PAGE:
The 2015–2016 San Diego County Grand Jury Report on Citizen Oversight Boards of Police Behavior issued on May 25 recommended that seven cities establish citizen review boards or consider establishing regional boards. Jurors suggested that one board could oversee complaints in Escondido, Oceanside, and Carlsbad; another could serve El Cajon and La Mesa; and a third could combine Coronado and Chula Vista with the existing National City board.
The report began with the statement that jurors “investigated several citizen complaints regarding police officer behavior in local jurisdictions and found there are differing methods for handling citizen complaints.” The report acknowledged that local jurisdictions met “California requirements for reviewing complaints” and stated “there are two models” for boards: the City of San Diego Citizens’ Review Board and the County of San Diego Citizens’ Law Enforcement Review Board.
The report recommended that the city and county “provide limited compensation for board member time and involvement” and that the city “provide independent legal counsel” to the board. “Interviewed officials expressed dissatisfaction with the legal services provided by the office of the city attorney [the board’s legal counsel]. The city attorney also defends the police department, creating a potential conflict of interest,” the report stated.
People interviewed by the jury included members of both boards, San Diego councilmembers, and police chiefs. On April 11, Escondido police chief Craig Carter spoke to jurors for approximately 90 minutes. “The questions centered on policies and procedures,” he said on September 20. Carter, president of the San Diego County Police Chiefs and Sheriffs Association, also spoke to jurors about the Peace Officer Bill of Rights and community outreach.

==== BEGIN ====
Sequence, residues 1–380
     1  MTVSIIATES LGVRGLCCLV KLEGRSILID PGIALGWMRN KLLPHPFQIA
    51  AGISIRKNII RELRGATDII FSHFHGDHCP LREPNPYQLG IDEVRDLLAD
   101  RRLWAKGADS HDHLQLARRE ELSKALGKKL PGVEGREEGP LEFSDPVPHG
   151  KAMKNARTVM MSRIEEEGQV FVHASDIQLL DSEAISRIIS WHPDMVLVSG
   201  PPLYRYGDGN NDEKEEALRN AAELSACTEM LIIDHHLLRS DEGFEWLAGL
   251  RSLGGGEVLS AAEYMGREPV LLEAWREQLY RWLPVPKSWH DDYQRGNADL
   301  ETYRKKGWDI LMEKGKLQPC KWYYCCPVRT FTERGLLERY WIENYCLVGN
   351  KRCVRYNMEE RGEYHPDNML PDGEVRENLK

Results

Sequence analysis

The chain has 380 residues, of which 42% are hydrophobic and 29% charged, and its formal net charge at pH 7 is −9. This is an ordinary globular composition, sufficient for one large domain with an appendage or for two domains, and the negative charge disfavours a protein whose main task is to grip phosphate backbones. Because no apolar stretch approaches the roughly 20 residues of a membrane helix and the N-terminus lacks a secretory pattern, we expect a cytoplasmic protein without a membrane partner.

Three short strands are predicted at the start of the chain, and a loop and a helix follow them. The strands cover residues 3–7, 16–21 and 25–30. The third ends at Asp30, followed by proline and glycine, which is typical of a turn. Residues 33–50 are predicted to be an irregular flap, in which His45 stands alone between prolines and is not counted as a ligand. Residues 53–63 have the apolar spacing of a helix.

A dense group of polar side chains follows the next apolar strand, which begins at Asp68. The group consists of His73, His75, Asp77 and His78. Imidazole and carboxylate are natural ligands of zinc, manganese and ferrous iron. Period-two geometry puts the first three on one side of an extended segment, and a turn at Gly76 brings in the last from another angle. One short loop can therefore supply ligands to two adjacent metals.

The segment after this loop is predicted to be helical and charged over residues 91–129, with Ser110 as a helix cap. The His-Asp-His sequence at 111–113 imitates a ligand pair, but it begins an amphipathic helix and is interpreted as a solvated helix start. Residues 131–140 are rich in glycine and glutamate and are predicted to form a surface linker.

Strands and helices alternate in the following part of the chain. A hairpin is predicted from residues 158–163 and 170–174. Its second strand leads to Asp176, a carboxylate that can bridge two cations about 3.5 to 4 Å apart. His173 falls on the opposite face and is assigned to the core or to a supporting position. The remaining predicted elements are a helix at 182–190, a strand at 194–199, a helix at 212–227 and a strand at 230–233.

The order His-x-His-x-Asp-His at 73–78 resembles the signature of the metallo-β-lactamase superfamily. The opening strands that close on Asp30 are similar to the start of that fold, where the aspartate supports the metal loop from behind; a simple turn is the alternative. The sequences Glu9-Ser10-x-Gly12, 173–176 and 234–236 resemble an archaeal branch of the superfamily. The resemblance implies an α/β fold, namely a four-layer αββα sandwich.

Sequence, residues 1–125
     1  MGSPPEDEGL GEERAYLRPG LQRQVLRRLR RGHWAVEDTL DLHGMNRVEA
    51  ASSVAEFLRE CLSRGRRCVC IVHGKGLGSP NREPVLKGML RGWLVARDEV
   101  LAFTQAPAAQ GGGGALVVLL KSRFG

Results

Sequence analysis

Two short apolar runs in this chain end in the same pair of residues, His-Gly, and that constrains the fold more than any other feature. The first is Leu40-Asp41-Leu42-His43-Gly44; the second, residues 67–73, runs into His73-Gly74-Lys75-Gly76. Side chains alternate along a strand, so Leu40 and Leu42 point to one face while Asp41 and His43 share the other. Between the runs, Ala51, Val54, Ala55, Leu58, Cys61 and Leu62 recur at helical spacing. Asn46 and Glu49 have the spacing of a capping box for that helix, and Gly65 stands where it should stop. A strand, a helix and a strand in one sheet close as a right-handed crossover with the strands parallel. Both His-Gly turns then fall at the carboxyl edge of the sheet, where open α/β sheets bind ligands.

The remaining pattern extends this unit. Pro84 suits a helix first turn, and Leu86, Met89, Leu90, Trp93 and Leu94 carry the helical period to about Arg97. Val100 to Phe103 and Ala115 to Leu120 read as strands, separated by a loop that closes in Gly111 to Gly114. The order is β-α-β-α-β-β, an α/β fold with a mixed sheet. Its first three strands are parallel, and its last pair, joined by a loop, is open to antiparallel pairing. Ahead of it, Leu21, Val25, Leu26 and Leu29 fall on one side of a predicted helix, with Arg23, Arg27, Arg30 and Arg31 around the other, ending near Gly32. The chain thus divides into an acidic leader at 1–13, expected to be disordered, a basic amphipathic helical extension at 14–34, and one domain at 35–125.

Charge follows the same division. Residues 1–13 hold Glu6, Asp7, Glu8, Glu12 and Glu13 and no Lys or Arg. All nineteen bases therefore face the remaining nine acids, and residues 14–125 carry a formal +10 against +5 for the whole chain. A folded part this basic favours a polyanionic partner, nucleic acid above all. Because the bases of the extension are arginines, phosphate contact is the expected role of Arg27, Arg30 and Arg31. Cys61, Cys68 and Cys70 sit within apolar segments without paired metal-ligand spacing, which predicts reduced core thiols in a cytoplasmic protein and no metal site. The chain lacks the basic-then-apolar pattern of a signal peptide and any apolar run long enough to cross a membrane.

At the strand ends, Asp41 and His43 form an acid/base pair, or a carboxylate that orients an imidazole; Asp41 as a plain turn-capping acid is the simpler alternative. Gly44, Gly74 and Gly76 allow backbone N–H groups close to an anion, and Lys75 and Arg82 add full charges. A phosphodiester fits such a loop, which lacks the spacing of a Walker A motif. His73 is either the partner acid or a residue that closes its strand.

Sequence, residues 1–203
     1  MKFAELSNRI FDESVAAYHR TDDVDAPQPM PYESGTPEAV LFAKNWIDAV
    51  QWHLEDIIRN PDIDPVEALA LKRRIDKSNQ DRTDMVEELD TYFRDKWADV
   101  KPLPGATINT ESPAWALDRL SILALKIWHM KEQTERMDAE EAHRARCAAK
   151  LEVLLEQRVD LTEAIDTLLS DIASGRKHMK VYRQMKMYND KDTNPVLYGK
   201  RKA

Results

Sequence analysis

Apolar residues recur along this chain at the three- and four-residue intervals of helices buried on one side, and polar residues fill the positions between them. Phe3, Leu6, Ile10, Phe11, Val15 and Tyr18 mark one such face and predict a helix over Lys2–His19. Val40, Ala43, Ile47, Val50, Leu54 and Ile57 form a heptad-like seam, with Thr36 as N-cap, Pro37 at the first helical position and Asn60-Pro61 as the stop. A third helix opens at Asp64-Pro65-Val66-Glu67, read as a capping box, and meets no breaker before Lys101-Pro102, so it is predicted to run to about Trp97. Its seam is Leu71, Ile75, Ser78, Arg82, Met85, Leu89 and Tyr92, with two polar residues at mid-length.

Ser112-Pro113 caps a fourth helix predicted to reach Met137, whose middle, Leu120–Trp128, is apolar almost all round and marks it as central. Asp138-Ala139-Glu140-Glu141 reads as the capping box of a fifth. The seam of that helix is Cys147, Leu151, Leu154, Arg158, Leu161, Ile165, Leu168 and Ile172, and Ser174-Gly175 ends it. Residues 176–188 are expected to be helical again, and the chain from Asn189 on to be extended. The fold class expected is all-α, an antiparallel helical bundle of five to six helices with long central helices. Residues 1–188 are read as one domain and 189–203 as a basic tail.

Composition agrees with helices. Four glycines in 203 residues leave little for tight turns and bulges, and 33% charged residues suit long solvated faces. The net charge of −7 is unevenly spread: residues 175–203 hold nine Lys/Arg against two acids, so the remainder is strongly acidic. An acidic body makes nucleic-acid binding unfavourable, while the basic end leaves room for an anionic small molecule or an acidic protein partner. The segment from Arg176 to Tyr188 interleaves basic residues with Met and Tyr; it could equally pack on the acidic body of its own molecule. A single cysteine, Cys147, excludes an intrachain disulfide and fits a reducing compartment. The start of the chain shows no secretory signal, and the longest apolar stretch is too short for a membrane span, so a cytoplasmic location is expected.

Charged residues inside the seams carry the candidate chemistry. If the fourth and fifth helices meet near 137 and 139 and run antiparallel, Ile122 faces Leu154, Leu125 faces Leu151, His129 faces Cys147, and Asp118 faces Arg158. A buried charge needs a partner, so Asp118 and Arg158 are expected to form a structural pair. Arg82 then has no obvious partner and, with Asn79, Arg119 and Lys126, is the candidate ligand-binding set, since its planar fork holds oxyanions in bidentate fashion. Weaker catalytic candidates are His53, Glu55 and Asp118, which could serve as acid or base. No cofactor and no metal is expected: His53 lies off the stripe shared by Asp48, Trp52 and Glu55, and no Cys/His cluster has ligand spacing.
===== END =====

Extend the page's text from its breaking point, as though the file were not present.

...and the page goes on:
On July 19, the county board of supervisors approved chief administrative officer Helen Robbins-Meyer’s response to the report that maintained “modest compensation” would “encourage greater community involvement and increase board diversity.” Robbins-Meyer countered that the county pays for travel expenses. “It does not appear that additional compensation is needed to increase board diversity and community involvement.”
The county’s review board established in 1990 investigates complaints against sheriff’s deputies and probation officers. The board “handles about 125 to150 cases each year,” county spokesperson Tammy Glenn said on September 21.
The 23 cases on the September 13 agenda included a man’s complaint that a deputy “allegedly did not take the complainant’s grievance/complaint, saying there were no forms.” The board found the deputy’s action justified because the deputy “verbally accepted his complaint by offering to have a sergeant come to the station and meet with him concerning this matter.”
Another complainant alleged that a deputy “repeatedly failed to respond to numerous grievances pertaining to separate housing of transgender inmates and their lack of programs.” Documentation included grievances filed between July 3–8, 2015. The board sustained the complaint.